By Maria Li
Earlier this week, the Securities and Exchange Commission (SEC) charged two New York-based hedge fund managers with insider trading. Sung Kook “Bill” Hwang of Tiger Asia Management and Tiger Asia Partners admitted to using material non-public information to short sell shares of Bank of China Ltd. and China Construction Bank Corp resulting in nearly $17 million in unlawfully gained profits. Tiger Asia covered its short positions with private placement shares that were obtained at a discount. Hwang agreed to settle with the SEC and pay $44 million in restitution and damages.
Tiger Asia Management focuses on trading in Asia. It is a spinoff from Tiger Management which was once one of the world’s largest hedge funds with $22 billion in assets under management in mid-1998. A four year-long probe by the Hong Kong Securities and Futures Commission (SFC) for insider trading forced Tiger Asia to return investor money in August 2012. In January 2009 and again in April 2010, the SFC sought to bar Tiger Asia from trading on the Hong Kong Stock Exchange and to freeze up to $38.5 million of the fund’s assets. Interestingly enough, Tiger Asia has no physical presence in Hong Kong because they have no office space or staff based primarily in the region.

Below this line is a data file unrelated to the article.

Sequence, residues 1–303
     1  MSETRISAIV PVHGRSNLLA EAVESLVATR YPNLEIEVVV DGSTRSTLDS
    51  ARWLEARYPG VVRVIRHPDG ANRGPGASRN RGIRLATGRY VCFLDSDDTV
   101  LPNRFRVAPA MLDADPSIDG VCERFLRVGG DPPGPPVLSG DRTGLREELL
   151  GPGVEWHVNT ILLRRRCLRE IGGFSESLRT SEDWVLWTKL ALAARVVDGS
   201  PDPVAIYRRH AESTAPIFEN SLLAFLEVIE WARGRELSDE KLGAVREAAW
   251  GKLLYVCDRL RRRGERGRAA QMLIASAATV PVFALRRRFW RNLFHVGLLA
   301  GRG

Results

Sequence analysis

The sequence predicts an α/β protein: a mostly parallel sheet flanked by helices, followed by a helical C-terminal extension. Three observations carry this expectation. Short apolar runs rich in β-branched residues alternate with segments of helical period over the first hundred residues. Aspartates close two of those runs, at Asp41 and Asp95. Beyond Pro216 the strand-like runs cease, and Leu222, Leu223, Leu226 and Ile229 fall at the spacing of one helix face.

Following news of the SEC’s charges, Japan’s Securities and Exchange Surveillance (SESC) proposed a $786,000 fine against Tiger Asia for manipulating the stock price of Yahoo Japan Corp. This ruling, if awarded, will set the record for the highest SESC fine for unfair trading.
News of the SEC settlement continues to set the trend for aggressive prosecution of illegal offshore trading. It is becoming increasingly clear that entities will no longer be able to evade charges simply by hiding behind a multitude of shell companies.
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